Sorry, New York Times, But We Built the Catskills

Fall Leaves in the CatskillsWell,  it seems congratulations are in order. According to the New York Times, the Catskills is one of the 52 places to go in 2015. Yes, we’ve made it.

So who gets the pats on the back? The Sullivan County Visitors’ Association, perhaps, for all their hard work in reminding people that the Borscht Belt may have been tightened but has not snapped? The Chamber of Commerce, maybe? The hard-working volunteers of Sullivan Renaissance? Alan Gerry and his crew for turning the Woodstock site into more than just a field full of nostalgia? How about the local business owners who have put blood, sweat, tears, and countless man hours into building business up from the ground?

No. No. No. No. And well, sorry folks, but no.

At least you get no thanks from the Grey Lady. According to the New York Times, the gorgeous countryside we call home is worth a visit thanks to a “new generation of fresh-air-seeking urbanites” who are “reshaping” the place.

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Got that? Now that the city folks have moved in and made some improvements, it’s finally worth a visit. Well golly gee, willikers! Maybe they’ll pat us on the head and give us a lollipop too.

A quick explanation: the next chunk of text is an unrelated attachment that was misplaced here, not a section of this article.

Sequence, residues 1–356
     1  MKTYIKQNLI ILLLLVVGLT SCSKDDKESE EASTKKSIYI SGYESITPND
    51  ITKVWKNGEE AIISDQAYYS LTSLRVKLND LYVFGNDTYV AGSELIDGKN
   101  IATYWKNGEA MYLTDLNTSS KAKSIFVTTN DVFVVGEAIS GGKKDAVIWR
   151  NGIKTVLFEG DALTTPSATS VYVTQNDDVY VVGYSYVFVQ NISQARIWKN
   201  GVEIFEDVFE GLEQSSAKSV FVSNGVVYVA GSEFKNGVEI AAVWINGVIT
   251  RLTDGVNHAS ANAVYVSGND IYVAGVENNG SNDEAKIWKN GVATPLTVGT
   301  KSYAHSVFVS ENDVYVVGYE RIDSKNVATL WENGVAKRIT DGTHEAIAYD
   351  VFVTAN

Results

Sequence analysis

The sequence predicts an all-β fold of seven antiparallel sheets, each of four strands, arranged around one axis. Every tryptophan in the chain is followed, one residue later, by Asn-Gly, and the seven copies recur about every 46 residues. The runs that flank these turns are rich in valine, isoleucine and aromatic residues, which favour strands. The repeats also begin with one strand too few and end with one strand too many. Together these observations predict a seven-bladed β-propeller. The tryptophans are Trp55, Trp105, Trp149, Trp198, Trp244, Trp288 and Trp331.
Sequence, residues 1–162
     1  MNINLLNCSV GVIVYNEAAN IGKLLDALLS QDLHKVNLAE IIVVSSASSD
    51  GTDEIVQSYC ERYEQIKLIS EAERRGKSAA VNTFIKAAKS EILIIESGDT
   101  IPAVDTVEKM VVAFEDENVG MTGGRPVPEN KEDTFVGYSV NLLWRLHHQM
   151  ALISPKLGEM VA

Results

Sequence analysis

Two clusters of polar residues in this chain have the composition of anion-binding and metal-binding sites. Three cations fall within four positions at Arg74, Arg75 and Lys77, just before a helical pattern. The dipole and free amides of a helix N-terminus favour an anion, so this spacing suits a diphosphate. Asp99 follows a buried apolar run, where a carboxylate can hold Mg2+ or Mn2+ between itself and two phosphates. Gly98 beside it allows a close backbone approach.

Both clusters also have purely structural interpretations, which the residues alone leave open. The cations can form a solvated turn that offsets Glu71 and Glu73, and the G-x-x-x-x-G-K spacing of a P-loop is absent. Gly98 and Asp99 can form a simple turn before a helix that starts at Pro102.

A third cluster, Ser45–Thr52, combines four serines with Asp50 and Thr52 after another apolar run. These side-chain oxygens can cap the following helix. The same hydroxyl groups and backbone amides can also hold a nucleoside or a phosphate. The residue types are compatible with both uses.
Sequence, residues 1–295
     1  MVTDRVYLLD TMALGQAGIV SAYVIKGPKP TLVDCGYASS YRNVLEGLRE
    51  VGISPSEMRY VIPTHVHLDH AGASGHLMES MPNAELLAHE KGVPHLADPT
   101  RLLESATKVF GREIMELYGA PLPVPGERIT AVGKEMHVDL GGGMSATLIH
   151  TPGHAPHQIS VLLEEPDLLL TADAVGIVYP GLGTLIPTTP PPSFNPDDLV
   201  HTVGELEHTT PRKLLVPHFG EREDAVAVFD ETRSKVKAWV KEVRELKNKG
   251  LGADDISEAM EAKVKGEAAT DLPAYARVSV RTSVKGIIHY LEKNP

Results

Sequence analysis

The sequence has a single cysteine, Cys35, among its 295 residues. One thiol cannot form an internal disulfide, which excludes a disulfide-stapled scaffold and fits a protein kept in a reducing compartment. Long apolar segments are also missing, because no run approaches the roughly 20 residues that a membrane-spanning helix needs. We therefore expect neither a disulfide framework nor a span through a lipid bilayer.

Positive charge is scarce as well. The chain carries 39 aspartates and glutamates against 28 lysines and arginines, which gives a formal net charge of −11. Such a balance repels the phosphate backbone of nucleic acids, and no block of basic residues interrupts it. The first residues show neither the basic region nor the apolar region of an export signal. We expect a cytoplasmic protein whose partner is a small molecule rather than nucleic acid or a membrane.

Now, of course, as a friend pointed out when I first expressed my abject disgust over the backhanded compliment sent our way, the New York Times is a “NYC-centric” publication “patting the backs of NYC residents/Catskills weekenders.” It’s customary to court travelers by assuring them they won’t have to go too far out of their comfort zone if they make the trip.

And it’s well worth noting that ours is a county that depends on tourism dollars. It would be unwise of me – or anyone here – to say “no” to a fresh influx of cash into our local businesses. We work hard to make this a nice place to visit for a reason.

But as a county native whose family roots go back generation upon generations, it’s hard to take the hit sitting down.

The Catskills – our corner of it included – existed before said fresh-air seeking urbanites arrived. What’s more, it’s the locals whose work attracted them to show up to begin with.

As Kevin Costner’s character in Field of Dreams learned years ago, if you build it, he will come. “He,” in this case being people who wanted to live in a rural environment rich in history and character, a place that’s not too far from New York City but far enough, a place where every day people manage to eke out an existence day by day, week by week, year by year.

It isn’t news to those of us who live hear year-round and have for decades (or longer) that our home is a great place to go. We made it that way.

The New York Times – and others we have impressed – would be wise to remember that.


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